The Washington PostDemocracy Dies in Darkness

I represented La David Johnson. Here’s what I still want to know about his death.

The more we learn about the terrorist attack in Niger, the less we seem to know.

Four U.S. soldiers were killed in Niger on Oct. 4, in an attack near Niger’s border with Mali. Here's what we know. (Video: Victoria Walker/The Washington Post)

In the nearly six weeks that have passed since we learned of the ambush in Niger in which four American soldiers were killed by Islamist militants, it has often felt like the more we are told about this tragedy, the less we really know. The circumstances that led to the separation of one of those soldiers from his unit is perhaps the biggest mystery of all.

As much of America knows, that soldier, Sgt. La David Johnson, was not only my constituent, but also a member of the 5,000 Role Models of Excellence Project, a mentoring program that I founded 25 years ago. The uncle who raised him was one of my students during my tenure as a school principal. So his death is very personal to me. Since 2014, I have been working in Congress on behalf of the #BringBackOurGirls movement, which was started in Nigeria after the kidnapping of 276 girls from their boarding school by the vicious terrorist group Boko Haram. For a similar terrorist group in the region to have murdered a young man whose family I’m close with is a cruel coincidence.

Every American should be outraged that it took the loss of Johnson and three other young soldiers — Sgt. Bryan C. Black, Staff Sgt. Jeremiah W. Johnson and Staff Sgt. Dustin M. Wright — for senior congressional lawmakers to become aware of our country’s military operation and the hundreds of troops stationed in Niger.

Last week, I attended a confidential, members-only briefing about the ambush. Unfortunately, I left the briefing room with many more questions than when I entered. I was told that the government’s investigation is ongoing, so it was disturbing to read only a few days later some of the harrowing details about the condition in which Johnson was found.

What makes President Trump casually dismiss black pain? White rage.

As the government’s investigation unfolds, here’s what I want to know.

Johnson was somehow separated from his unit, and his body wasn’t recovered until two days later. Initial reports suggested that U.S. forces found his remains, but more recently, it has been reported that a group of children found him in a bushy area about a mile away from where the attack took place. His arms were bound, and there was a “gaping wound” at the back of his head, painting a heartbreaking picture of his final hours. Which version is correct?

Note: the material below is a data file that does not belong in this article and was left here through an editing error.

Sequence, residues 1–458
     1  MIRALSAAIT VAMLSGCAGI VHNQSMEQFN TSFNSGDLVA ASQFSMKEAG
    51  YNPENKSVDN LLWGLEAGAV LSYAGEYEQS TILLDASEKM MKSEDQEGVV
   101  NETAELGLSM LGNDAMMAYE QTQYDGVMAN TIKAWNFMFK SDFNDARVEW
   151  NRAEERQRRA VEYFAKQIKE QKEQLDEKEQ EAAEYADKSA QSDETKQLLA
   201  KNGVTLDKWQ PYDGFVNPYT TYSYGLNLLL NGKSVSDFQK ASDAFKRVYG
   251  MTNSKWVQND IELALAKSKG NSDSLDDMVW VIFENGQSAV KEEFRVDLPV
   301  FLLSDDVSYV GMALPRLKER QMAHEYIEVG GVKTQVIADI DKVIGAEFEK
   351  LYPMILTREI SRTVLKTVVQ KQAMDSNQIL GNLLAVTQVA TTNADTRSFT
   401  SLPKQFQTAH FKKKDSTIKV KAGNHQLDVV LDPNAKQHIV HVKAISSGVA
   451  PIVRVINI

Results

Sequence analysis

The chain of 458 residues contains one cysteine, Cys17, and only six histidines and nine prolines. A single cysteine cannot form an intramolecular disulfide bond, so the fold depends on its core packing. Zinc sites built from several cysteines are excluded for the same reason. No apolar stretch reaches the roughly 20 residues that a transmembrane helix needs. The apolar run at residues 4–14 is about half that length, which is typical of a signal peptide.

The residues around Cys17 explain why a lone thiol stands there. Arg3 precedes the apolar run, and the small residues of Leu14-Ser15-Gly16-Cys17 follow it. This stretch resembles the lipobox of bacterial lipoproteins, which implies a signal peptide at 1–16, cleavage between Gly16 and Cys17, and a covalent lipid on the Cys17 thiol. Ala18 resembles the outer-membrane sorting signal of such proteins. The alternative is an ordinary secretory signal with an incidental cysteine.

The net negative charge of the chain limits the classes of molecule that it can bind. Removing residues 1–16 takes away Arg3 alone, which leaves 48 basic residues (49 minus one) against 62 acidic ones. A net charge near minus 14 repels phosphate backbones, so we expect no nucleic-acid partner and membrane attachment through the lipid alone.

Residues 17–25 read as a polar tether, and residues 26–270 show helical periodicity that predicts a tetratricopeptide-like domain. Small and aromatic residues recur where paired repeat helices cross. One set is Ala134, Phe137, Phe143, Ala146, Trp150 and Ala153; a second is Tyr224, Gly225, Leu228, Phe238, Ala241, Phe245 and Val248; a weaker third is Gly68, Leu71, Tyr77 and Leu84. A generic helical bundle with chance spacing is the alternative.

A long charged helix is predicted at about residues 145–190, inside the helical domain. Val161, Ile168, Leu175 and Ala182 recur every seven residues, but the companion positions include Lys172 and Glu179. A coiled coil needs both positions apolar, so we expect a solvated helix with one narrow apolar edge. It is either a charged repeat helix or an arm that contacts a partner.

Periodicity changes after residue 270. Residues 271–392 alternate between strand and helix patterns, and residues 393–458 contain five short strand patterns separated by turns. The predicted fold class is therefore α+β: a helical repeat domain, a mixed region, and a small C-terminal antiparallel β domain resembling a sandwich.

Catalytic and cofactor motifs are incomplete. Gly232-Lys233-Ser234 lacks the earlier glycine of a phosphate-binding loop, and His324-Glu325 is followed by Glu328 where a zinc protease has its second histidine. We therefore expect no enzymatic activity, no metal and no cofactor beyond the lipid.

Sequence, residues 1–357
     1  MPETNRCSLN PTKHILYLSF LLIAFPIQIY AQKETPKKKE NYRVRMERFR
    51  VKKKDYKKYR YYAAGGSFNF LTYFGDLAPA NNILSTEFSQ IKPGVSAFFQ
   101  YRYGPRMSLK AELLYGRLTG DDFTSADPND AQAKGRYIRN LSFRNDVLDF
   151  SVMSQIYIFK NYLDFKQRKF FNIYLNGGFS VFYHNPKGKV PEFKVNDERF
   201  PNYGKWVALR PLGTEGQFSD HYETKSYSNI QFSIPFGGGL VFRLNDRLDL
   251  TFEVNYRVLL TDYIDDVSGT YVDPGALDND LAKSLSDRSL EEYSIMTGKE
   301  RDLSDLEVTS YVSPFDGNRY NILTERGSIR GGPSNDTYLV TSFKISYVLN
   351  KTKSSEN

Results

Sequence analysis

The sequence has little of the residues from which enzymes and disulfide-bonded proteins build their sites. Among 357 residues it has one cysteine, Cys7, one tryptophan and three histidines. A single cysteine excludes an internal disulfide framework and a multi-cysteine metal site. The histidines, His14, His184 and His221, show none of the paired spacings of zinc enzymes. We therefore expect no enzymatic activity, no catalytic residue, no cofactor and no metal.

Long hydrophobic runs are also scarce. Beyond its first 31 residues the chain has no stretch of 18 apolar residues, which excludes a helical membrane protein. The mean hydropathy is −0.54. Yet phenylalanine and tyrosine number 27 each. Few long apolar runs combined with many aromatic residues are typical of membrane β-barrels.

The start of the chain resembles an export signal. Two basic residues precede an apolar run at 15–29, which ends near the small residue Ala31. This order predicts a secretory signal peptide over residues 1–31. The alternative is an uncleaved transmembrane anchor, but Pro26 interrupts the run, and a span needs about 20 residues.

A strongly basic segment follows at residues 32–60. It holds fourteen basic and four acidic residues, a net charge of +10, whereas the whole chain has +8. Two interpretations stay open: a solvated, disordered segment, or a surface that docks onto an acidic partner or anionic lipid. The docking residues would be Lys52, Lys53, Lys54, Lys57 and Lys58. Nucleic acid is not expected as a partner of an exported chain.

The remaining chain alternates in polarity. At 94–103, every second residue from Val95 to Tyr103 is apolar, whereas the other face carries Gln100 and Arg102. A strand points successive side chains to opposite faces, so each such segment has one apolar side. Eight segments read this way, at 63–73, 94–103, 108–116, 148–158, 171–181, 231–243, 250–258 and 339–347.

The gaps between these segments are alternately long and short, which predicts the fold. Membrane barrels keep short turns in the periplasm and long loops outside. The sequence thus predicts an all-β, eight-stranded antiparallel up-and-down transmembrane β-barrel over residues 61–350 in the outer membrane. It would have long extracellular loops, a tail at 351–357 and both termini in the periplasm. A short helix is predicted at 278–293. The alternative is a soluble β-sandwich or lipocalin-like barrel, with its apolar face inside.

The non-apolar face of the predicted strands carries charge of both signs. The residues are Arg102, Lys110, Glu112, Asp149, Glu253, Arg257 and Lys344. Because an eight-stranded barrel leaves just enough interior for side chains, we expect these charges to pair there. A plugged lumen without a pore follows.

It also is imperative that our government investigate why the terrorists targeted Johnson for abduction and how they separated him from his unit. How did he travel a mile away from the attack? Did he walk? Did they carry him? Did they capture him? The Trump administration should give us a factual account of what happened that includes the recollections of the surviving members of the unit who may have witnessed firsthand their comrade’s capture.

Being told there could not be a viewing and that the casket had to be closed at her husband’s funeral because of the condition of his body was a devastating blow to Johnson’s widow, Myeshia Johnson, and to other members of his family. We all want to know if an autopsy was performed and, if so, what the findings were. Learning definitively the cause of death and whether he died in combat or was executed by his captors is an important step in the family’s healing process.

According to news reports, a relatively new Islamic State-affiliated terrorist group, the Islamic State of the Greater Sahara, may be responsible for the ambush. Was the Pentagon aware that this group was operating in the area where the attack took place? If not, was the team operating on faulty intelligence?

The terrorists knew exactly where to find the American troops. Who gave them up? More important, why didn’t they know where the terrorists were? From news report and my conversations with experts about the case, it doesn’t seem like any advance route reconnaissance was done, so they were caught unaware, outnumbered and deficiently armed for an attack.

The administration also must tell us what kind of plan or quick reaction force that could deploy itself was in place in the event of an emergency and why no backup force was dispatched to help. When the troops came under attack, who was listening to their communications, and what was that command post’s ability to respond? After this tragic incident, how will Africa Command better equip its Special Forces and military assistance forces to expect the unexpected?

And finally, all Americans should demand to know when President Trump will be ready to present to the Johnson family, Congress and the public a full explanation of the circumstances surrounding our fallen soldiers’ tragic capture and death.

It is excruciatingly painful for the Johnson family and other military families who are watching this saga unfold, and the length of time it is taking to complete the investigation must feel interminable. When such devastating losses occur, we owe it to them and the countless brave men and women who put their lives on the line to keep us all safe to do all that we can to learn what happened in the hope that it won’t happen again.